Great Mosque of al-Nuree / Al-Hadba Minaret
Iraqi forces on 29 June 2017 took control of the ruins of the historic al-Nuree mosque in the city of Mosul, where three years ago the head of the Islamic State group declared the establishment of a caliphate. Militants blew up the 850-year-old Grand al-Nuri mosque and its leaning 45-meter minaret a week earlier, furthering the devastation of Mosul during eight months of fighting.
Located in West Mosul, in the old city, the Great Mosque of al-Nuree was considered one of the main historical mosques in Iraq. It was originally built by Nureddine Zangi in 1172 AD, during the Abbasid Caliphate. It underwent several renovations and restorations throughout the years.
Its outstanding iconic feature was the leaning minaret known as al-Hadba (the hunchback), which had retained its authentic architectural and structural features for hundreds of years. The Al Hadba minaret is the most outstanding feature of the Great Nurid Mosque. The minaret has been leaning 253 cm off the perpendicular axis for several years, suffering from serious structural weakness and risks of collapsing. The 150 foot (45 meter) minaret was one of the few original elements of the medieval Nur al-Din complex, which had been placed on the World Monuments Watch due to its risk of destruction, but not on the UNESCO World Heritage lists.
The "Leaning Tower of Pisa" or simply the "Tower of Pisa" ("Torre di Pisa") is the campanile, or freestanding bell tower, of the cathedral of the Italian city of Pisa, known worldwide for its unintended tilt. Closed from 1990 to 2001 due to fears of an imminent collapse, the tower has been stabilized at a 4.95 degree lean. The height of the tower is 55.86 meters (183.27 feet) from the ground on the low side.
As early as 2012, UNESCO worked for the safeguarding of al-Hadba. A few days prior to the occupation of Mosul by Daesh in June 2014, UNESCO had taken an important step towards safeguarding and consolidation of the al Hadba Minaret. Works had to be interrupted due to the conflict, although a comprehensive study for the conservation of the minaret has been completed and could be useful in the future. In February 2017, UNESCO convened an International Coordination Conference on the Safeguarding of Cultural Heritage in Liberated Areas of Iraq and adopted an Action Plan for the future safeguarding of this outstanding cultural heritage.
On 22 June 2017 the Director-General of UNESCO, Irina Bokova, deplores the destruction of the Al Nuree Mosque and Al Hadba Minaret in Mosul. “The Al Hadba Minaret and Al Nuree Mosque in Mosul were among the most iconic sites in the city, and stood as a symbol of identity, resilience and belonging. When Daesh targeted the mosque and minaret a few month ago, the people of Mosul formed a human chain to protect the site, proving once again that the protection of heritage cannot be delinked from the protection of human lives,” said the Director General.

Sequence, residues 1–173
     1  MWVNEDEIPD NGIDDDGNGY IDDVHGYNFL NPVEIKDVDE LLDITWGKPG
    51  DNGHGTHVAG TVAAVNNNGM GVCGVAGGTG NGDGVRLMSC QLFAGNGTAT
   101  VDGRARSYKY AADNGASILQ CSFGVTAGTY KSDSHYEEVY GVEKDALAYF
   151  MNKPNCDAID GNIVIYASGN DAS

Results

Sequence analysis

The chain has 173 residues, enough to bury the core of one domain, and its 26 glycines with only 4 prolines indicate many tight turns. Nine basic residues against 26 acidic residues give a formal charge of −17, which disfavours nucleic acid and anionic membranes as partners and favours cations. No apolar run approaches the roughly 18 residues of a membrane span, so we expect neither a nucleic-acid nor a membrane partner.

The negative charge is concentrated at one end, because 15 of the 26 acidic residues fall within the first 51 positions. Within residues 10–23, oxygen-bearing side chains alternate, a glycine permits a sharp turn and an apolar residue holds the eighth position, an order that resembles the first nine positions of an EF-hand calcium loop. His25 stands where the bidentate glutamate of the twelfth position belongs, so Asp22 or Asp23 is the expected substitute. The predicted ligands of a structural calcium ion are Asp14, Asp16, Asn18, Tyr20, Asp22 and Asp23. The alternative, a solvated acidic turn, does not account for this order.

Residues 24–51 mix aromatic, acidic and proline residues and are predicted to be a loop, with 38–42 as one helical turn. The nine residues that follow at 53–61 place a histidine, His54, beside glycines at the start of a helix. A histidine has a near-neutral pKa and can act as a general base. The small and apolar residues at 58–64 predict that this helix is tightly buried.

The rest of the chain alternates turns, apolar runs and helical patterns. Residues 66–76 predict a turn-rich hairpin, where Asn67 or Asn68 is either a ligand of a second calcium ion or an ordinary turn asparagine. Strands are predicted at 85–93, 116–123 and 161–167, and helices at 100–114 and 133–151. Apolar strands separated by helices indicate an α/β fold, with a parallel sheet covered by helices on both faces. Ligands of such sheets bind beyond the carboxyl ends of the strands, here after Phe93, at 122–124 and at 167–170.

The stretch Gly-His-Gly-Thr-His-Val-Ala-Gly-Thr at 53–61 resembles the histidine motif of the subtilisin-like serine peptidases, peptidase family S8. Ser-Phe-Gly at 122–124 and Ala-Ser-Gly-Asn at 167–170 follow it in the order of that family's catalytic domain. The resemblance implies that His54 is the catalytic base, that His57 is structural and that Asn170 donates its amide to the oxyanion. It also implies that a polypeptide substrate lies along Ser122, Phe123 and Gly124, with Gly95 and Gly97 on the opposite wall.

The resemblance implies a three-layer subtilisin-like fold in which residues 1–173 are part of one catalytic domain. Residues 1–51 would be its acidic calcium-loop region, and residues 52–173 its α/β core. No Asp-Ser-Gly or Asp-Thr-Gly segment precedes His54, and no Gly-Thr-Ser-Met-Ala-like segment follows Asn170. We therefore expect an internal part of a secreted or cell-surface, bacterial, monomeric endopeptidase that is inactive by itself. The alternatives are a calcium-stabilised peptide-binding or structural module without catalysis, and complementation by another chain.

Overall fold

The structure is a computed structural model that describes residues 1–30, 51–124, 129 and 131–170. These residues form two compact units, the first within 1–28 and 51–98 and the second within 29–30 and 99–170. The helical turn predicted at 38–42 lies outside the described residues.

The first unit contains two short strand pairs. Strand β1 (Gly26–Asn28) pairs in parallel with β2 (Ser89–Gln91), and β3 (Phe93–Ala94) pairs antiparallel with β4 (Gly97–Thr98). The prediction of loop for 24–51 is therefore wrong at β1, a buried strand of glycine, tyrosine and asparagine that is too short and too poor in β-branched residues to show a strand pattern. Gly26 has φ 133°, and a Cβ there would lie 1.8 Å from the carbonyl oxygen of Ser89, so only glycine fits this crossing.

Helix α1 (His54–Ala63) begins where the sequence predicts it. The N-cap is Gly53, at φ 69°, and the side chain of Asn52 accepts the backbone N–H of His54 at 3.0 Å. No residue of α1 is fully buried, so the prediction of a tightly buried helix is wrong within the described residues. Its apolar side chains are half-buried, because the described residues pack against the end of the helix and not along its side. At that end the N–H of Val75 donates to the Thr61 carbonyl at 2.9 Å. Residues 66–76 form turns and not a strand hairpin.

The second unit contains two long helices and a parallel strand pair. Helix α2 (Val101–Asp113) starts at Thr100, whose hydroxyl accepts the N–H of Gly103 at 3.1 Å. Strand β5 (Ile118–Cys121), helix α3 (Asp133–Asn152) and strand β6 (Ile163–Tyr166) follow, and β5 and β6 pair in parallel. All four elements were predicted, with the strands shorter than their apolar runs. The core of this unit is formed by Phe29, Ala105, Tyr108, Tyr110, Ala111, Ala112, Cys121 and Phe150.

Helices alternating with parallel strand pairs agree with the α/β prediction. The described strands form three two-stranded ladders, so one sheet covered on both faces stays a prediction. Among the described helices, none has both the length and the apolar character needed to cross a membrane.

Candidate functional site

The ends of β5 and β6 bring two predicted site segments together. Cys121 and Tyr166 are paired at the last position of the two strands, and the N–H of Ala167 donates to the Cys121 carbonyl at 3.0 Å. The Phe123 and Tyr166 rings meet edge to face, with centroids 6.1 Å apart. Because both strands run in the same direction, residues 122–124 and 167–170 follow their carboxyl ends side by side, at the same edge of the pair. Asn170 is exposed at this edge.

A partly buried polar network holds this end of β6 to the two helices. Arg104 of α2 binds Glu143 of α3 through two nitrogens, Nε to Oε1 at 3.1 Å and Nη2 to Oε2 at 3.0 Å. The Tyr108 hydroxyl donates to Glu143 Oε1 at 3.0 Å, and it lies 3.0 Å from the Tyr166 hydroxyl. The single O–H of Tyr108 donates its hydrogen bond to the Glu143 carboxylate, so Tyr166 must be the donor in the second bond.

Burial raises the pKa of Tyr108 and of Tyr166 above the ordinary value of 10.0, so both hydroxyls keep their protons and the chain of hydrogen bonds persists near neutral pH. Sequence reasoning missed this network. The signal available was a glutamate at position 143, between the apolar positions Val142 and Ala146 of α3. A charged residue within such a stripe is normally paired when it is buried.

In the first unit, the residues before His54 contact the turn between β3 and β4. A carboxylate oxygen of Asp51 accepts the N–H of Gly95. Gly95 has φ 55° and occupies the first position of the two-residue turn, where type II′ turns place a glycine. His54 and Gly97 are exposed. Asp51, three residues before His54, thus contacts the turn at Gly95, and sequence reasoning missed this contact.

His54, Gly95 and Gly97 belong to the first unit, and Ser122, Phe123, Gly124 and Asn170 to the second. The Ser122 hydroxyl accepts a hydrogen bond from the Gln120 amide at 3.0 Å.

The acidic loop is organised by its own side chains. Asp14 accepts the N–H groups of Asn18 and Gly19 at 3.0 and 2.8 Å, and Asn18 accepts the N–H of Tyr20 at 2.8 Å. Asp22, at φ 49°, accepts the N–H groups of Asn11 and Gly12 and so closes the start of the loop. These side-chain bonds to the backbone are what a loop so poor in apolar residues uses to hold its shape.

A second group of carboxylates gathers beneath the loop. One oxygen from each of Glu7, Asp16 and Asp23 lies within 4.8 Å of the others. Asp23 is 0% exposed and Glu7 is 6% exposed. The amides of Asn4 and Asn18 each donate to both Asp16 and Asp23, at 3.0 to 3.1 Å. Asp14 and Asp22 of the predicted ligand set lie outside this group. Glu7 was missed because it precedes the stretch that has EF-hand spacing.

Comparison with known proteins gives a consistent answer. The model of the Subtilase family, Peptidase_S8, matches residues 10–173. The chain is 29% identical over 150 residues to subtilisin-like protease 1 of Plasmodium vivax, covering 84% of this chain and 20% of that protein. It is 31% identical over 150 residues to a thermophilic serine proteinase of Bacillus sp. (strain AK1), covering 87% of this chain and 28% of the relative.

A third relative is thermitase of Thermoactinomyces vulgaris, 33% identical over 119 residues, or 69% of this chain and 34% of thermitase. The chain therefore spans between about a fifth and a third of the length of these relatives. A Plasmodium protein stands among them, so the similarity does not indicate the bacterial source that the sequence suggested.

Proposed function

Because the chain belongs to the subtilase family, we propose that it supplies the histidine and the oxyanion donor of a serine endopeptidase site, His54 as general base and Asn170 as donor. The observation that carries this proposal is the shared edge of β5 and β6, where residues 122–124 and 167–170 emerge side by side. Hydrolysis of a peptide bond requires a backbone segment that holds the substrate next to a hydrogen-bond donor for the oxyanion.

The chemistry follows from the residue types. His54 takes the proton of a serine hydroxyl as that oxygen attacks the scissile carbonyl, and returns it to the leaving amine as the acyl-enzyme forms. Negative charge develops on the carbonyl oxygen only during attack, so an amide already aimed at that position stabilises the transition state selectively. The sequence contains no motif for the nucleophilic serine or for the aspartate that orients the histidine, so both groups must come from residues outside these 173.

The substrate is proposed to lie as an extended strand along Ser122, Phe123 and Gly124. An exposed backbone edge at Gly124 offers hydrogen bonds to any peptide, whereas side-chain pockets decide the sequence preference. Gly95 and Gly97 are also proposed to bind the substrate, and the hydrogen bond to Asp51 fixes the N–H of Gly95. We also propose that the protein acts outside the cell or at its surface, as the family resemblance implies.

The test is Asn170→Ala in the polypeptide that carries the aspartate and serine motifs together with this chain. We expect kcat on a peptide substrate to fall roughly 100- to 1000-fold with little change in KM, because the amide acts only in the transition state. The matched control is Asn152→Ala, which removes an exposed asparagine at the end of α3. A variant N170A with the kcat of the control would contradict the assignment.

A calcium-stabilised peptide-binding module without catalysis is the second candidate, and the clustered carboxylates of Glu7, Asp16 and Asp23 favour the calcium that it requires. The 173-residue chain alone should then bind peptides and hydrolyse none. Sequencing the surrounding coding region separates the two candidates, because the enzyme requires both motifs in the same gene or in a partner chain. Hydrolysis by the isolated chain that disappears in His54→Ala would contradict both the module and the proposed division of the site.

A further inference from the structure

“This new destruction deepens the wounds of a society already affected by an unprecedented humanitarian tragedy, with 3 million internally displaced persons and 6,2 million in need of immediate humanitarian assistance. This calls for immediate and strengthened international mobilization,” added the Director-General.
Since the launch of the offensive in Mosul in October 2016, around 750,000 to 800,000 people have been displaced from the city; many are trapped or being used as human shields. “On this day, I wish to express to the people of Iraq UNESCO’s renewed solidarity and readiness to support, restore and rehabilitate cultural heritage whenever possible. Despite all odds, the spirit of resilience embodied by al-Hadba must prevail and UNESCO will continue to stand by the people of Iraq to regain their heritage and fight back against all forms of extremism and violence through culture, education and human rights.”
For comparison, Qutub Minar, is the tallest brick minaret in the world, at Mehrauli, Delhi, India - the height is 72.5 meters (237.8 ft). The 820-year-old Minaret of Jam in Afghanistan is the world’s second tallest brick minaret, with a height of 213 feet. A combination of high floods in 2013, illegal excavations for archaeological artefacts, and the difficulty of reaching and restoring a site that lies in a Taliban-dominated area left the tower abandoned with a 3.47 degree tilt. This is less than the 5.5-degree tilt that the Tower of Pisa once endured, but the minaret is 30 feet taller and its foundations much less secure.
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